We’ve all heard of building a capsule wardrobe and how important it is specially if we don’t want to be over consumers and fall under the spell of constantly buying meaningless products. The goal of capsule wardrobe is to embrace the minimalist lifestyle, reduce clutter and simplify life.
For those who don’t know, building a seasonal capsule wardrobe means that we should have around 22-35 pieces in our wardrobe or 50-65 pieces in total. This also means that these pieces should be timeless basics, versatile, sustainable and will last us a long time. Versatile pieces can be mixed and matched to create multiple outfits, maximizing your wardrobe. No matter how much your style changes these clothes will never go out of style and leave your wardrobe.
This all might sound complicated and feel very overwhelming but once you start getting staple pieces like a leather jacket or that perfect pair of jeans, you will always feel like you have the right outfit to wear.
So, you might ask where the element of sustainability comes in, since there is nothing sustainable about new leather jackets. Unfortunately, even though they can last forever, leather production generates considerable amounts of greenhouse gas emissions, which contribute to global warming.
To put this into actual numbers CO2e emissions for leather equal 17.0kg of CO2e per square meter of leather produced. In comparison, artificial leather’s total supply chain has an impact of 15.8kg of CO2e per square meter (source Collective Fashion Justice). So that one NEW leather jacket that you’re going to buy uses up to 176.0kg of CO2e.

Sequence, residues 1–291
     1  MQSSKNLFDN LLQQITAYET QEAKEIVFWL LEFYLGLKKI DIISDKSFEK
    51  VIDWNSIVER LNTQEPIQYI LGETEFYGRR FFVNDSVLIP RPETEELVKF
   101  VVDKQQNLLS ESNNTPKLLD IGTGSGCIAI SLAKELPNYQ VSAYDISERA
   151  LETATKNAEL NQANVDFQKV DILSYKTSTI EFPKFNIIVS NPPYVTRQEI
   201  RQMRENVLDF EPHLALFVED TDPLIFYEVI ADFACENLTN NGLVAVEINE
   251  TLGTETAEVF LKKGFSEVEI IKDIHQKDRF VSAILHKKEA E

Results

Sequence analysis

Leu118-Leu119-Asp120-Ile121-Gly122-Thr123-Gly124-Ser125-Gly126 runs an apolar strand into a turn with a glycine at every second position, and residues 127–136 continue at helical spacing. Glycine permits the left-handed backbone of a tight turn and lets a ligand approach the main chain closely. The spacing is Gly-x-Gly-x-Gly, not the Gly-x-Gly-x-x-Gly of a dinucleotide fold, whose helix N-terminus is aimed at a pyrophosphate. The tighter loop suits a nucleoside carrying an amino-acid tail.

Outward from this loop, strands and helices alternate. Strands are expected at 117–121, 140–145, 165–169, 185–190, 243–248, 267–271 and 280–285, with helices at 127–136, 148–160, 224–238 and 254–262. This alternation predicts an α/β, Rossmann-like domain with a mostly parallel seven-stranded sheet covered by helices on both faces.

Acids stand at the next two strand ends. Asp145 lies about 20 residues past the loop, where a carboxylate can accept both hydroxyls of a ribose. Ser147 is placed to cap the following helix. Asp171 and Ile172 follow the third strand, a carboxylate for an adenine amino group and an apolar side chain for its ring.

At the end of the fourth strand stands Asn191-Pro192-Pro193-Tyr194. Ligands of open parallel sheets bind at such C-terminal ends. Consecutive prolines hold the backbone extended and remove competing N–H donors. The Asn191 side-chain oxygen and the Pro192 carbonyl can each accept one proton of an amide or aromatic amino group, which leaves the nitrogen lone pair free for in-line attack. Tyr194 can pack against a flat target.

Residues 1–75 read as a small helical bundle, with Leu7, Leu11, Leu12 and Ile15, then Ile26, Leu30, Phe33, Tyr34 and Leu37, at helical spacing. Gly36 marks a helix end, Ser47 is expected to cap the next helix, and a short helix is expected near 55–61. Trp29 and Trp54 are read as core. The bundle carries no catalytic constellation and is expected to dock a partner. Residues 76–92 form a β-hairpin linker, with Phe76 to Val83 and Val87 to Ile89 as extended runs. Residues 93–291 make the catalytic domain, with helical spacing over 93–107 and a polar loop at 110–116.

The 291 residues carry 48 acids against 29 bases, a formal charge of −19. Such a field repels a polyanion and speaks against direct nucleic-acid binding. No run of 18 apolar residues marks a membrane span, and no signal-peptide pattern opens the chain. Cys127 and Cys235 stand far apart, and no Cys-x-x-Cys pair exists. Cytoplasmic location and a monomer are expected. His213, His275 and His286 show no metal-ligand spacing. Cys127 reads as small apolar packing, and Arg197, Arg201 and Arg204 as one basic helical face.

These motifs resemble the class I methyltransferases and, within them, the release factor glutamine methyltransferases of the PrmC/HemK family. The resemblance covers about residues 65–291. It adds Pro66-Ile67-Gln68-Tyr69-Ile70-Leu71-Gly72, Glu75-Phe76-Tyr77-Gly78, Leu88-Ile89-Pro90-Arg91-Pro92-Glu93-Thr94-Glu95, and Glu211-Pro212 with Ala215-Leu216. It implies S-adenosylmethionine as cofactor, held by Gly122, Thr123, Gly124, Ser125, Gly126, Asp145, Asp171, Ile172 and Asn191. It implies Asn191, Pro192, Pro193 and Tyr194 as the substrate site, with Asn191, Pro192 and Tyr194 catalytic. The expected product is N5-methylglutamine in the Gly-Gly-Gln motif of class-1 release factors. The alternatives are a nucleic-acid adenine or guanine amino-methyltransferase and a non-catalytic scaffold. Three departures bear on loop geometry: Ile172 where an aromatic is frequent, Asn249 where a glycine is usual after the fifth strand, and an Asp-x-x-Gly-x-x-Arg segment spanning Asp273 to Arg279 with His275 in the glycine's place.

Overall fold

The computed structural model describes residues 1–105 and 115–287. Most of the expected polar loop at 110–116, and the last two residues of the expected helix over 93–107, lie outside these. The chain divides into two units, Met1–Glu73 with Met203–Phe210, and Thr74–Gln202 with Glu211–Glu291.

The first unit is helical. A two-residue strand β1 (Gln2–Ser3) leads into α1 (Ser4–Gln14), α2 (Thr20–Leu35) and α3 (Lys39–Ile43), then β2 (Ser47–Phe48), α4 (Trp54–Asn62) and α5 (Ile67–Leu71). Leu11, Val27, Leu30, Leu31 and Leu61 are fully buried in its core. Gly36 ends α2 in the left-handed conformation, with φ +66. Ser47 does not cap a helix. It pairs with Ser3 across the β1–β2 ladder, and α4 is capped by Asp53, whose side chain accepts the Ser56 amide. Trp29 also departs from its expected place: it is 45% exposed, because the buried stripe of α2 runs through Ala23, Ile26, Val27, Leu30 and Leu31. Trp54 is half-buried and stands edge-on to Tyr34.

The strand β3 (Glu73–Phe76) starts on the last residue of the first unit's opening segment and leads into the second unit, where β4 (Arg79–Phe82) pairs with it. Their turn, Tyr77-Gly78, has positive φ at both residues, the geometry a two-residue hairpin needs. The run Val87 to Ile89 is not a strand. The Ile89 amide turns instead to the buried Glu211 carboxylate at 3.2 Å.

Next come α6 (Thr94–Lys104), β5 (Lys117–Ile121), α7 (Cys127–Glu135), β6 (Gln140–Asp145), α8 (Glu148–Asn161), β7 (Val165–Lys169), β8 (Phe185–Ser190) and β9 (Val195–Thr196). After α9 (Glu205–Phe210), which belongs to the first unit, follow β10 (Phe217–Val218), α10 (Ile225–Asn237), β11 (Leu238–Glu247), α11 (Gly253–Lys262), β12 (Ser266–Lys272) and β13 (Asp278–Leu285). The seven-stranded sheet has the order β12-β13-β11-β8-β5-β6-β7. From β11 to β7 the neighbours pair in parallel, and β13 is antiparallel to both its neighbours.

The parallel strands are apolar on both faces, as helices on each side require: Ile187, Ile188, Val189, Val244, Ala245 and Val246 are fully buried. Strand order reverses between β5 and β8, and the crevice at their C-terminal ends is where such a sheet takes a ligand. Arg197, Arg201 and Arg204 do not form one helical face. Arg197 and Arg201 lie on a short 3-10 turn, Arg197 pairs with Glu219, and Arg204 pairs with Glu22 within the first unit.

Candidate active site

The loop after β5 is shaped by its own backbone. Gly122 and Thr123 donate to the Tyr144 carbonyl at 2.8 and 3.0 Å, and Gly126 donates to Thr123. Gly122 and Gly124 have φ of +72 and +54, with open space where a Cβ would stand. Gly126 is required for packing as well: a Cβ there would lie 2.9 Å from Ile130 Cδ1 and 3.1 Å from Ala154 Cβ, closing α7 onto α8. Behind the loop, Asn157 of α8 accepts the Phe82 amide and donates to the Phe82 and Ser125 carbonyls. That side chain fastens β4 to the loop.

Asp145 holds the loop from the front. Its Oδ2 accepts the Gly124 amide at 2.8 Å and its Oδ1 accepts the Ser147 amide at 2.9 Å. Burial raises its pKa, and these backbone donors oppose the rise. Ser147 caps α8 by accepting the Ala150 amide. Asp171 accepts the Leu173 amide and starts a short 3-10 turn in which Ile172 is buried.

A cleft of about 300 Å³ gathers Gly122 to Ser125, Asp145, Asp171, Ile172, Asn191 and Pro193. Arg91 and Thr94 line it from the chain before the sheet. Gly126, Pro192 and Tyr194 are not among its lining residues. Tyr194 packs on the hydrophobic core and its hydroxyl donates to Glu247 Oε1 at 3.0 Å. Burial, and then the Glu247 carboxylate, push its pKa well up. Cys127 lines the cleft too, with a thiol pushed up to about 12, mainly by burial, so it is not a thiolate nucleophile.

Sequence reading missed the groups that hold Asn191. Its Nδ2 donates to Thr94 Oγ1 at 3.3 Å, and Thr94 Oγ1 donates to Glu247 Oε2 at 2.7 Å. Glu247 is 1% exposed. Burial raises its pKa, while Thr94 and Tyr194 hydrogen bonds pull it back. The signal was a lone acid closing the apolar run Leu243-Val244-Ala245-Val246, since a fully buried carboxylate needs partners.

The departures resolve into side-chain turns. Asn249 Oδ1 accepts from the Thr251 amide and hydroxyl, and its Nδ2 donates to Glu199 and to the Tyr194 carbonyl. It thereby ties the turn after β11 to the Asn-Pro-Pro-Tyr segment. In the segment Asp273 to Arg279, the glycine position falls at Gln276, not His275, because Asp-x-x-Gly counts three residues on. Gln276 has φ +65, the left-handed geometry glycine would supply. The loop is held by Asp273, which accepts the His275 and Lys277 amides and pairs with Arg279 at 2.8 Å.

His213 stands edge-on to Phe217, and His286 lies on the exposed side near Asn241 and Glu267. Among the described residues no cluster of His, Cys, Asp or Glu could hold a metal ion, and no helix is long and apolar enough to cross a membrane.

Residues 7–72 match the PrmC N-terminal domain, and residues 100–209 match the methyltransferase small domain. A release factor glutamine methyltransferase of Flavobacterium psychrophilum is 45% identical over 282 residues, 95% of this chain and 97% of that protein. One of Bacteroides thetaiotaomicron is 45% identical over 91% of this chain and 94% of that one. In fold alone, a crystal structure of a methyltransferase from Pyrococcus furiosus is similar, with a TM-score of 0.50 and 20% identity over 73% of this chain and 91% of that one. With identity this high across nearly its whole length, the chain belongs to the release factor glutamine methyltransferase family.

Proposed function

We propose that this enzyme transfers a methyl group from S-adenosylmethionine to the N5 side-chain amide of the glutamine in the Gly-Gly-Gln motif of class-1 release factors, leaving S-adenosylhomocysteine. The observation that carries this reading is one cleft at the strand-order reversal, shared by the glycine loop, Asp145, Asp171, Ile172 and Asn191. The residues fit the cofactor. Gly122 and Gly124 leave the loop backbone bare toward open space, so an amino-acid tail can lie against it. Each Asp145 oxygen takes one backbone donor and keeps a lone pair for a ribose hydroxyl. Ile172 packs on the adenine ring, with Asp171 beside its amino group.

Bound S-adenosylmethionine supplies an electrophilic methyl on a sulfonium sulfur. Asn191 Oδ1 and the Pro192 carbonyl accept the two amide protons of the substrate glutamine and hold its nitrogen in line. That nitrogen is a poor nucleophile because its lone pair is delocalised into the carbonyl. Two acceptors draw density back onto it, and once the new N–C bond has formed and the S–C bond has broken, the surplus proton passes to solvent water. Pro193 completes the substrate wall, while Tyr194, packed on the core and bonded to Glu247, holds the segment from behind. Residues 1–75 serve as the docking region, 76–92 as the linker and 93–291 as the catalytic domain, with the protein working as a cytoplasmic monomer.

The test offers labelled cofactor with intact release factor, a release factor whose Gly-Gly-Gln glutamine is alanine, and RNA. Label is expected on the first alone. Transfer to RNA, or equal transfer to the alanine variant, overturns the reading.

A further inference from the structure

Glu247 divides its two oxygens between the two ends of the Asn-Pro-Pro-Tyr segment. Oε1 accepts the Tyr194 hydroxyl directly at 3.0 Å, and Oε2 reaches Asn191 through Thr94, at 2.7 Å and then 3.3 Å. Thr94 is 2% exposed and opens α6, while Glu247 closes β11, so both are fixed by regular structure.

This is why we embrace to buy one Vintage or Second hand. Vintage clothes are often more durable than modern as it's made out of natural materials, while todays fashion is made out of synthetic ones.
A surprising effect is that people 50 years ago were concentrating more on quality than quantity. That’s why Levis today can’t compare with quality of Vintage 501 Levis that you might be lucky to find at the Flea Market. Original 501s were commercialised as what we call today ‘RAW Denim’. They were meant to be used as workwear and with cotton woven by hand there was no chance, they could rip. Obviously today we don’t want jeans that are so uncomfortable, but we also don’t want to pay high price for something that won’t last us even a year. Not to mention that according to EasyEcoTips it takes around 1.500 gallons of water to make a single pair of jeans, so they are not exactly a sustainable product to make. The textile industry is the second largest polluter of clean water globally. Another thing is that today most clothes are made out of polyester, which is made out of plastic fibres. When you wash your clothes in the washing machine this fibre will shed microfibres that will end up in the ocean.
This doesn’t mean that you can’t wear a pair of jeans from this brand or feel shame for buying that leather jacket. This means that you can find perfect ones that are Vintage and deserve a second life and they will last a lot longer than the new ones from the store.
Don’t forget that we are surrounded by so many garments that we can use to dress so many future generations.
Let us know what is so far your experience with Vintage clothing and do you find that it lasts longer?
Blog written by Anja Markovic, follow her sustainable journey at @stainedcontent